What is it?

As the world begins to focus more on reducing greenhouse gas emissions, many companies are under increasing pressure to meet carbon emissions targets, but this can’t always be done right away.

When a company can’t meet emissions targets, it may purchase what are known as carbon offset credits to go toward actions that reduce emissions or store carbon elsewhere. An offset credit is a transferrable instrument that represents one metric ton of carbon dioxide removed from the atmosphere. Companies can also sell credits when emissions are under the target amount.

But, not every action to reduce or store carbon is created equal, and some are more impactful. To measure the quality of a carbon offset, scientists look at the concept of additionality.

Additionality is the amount of “extra good” produced by a carbon-reducing or storage activity relative to the good produced without that activity, or the baseline.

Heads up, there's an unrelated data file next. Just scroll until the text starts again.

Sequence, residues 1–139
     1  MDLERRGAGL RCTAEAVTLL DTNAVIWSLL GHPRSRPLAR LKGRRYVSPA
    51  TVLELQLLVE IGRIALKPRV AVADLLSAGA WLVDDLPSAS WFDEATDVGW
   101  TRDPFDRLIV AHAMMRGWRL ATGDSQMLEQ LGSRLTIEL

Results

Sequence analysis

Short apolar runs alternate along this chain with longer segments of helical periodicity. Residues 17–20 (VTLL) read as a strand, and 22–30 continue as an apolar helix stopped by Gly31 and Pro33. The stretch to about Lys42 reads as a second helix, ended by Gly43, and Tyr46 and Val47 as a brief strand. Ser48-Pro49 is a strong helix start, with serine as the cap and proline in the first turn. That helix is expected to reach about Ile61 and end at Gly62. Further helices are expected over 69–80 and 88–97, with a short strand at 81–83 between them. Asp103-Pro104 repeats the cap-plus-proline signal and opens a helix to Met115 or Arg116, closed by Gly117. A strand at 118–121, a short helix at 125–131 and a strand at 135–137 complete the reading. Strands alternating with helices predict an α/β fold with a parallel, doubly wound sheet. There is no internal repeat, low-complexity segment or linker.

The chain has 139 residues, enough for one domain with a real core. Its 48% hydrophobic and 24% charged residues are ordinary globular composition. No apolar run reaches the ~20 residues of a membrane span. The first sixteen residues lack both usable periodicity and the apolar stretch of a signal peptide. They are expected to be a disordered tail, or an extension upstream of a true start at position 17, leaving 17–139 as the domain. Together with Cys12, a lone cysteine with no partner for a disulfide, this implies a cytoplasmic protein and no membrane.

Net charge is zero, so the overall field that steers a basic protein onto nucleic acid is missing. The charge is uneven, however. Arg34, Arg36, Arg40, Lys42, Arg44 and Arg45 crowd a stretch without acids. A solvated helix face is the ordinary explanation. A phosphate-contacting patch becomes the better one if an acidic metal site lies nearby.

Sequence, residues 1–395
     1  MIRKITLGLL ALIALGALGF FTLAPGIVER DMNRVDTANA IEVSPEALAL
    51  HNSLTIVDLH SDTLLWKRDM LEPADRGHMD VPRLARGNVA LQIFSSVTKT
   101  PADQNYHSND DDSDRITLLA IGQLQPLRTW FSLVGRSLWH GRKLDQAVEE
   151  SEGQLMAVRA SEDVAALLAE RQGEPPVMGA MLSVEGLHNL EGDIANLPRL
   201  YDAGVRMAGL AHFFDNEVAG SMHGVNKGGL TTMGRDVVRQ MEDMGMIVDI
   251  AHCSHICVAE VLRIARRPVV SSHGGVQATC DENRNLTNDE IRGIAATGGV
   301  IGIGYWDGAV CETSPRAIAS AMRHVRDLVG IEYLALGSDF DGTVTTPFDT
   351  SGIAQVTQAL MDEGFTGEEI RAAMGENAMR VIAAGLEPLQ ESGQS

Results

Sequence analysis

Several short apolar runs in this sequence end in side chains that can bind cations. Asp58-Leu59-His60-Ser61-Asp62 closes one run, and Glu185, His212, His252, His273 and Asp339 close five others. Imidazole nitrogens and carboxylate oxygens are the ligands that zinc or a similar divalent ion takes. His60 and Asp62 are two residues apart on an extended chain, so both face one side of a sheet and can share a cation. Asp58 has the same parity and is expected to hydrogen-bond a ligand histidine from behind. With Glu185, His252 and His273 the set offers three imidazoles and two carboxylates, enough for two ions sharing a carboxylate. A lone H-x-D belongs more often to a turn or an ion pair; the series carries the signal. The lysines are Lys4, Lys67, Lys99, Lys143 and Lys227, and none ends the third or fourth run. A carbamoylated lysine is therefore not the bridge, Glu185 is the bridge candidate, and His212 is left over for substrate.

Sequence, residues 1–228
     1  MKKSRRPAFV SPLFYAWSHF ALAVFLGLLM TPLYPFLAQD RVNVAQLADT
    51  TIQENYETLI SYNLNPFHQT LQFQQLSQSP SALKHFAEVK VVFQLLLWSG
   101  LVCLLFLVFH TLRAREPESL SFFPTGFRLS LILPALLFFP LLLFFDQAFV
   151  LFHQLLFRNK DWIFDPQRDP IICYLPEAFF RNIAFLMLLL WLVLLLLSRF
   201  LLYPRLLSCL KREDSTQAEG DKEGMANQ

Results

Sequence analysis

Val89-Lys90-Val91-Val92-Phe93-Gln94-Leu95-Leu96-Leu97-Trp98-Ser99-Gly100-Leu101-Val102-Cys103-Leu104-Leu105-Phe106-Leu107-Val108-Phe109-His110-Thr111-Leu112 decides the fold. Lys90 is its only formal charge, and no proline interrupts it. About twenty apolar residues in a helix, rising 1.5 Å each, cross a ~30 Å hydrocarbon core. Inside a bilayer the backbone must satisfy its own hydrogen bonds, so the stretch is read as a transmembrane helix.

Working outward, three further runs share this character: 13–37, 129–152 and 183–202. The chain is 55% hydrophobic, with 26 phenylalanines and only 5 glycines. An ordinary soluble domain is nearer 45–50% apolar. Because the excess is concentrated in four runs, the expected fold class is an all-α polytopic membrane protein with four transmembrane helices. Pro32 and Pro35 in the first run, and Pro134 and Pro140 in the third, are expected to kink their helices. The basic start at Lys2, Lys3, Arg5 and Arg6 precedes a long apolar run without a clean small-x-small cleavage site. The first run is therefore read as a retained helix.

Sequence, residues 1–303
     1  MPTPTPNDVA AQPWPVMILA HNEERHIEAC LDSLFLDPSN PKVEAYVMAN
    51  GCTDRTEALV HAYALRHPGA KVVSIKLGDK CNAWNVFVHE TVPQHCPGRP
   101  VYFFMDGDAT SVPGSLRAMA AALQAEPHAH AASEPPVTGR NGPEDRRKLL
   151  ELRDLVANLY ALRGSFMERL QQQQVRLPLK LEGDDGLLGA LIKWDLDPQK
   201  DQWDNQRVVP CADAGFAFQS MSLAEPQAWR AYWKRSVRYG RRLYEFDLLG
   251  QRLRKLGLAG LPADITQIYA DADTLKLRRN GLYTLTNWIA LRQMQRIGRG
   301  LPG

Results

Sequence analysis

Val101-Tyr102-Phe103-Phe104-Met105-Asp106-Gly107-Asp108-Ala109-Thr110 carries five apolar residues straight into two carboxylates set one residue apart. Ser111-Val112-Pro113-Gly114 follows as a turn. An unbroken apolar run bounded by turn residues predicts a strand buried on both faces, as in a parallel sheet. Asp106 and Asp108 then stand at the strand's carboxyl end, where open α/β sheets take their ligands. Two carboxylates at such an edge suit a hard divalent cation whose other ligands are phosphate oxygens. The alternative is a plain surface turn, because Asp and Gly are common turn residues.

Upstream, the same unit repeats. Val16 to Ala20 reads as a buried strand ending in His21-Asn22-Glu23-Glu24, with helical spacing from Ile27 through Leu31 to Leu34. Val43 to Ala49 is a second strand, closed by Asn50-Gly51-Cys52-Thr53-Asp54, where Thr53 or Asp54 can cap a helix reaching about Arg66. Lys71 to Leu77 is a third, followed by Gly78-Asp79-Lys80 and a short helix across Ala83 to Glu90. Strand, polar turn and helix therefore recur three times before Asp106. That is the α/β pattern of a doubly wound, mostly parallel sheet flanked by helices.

An activity is deemed additional if it leads to lower emission levels, meaning the actual prevailing scenario is determined to have lower emissions than the baseline one.

Why it matters.

Additionality is a common tool used in carbon markets. A reduction in greenhouse gases is only considered additional if it would not have occurred in the absence of the opportunity to sell carbon offset credits. This means the sale of credits served as an incentive for more climate-friendly choices.

For example, say a company chooses to implement a certain technology in their production phase that reduces their carbon output. This company hopes to sell the offset credits they would have otherwise used up without that technology. These credits would be deemed additional and created quality credits that actually helped to reduce greenhouse gas emissions.

If the greenhouse gas reduction associated with an activity or project is not considered additional, then purchasing offset credits instead of reducing one’s own emissions won’t make a difference in reducing overall emissions. This means that understanding and measuring additionality is essential for offering effective carbon offset credits.

Want to learn more?

Read more about carbon credits and additionality in the Carbon Offset Guide and other works from the Greenhouse Gas Management Institute and Stockholm Environment Institute.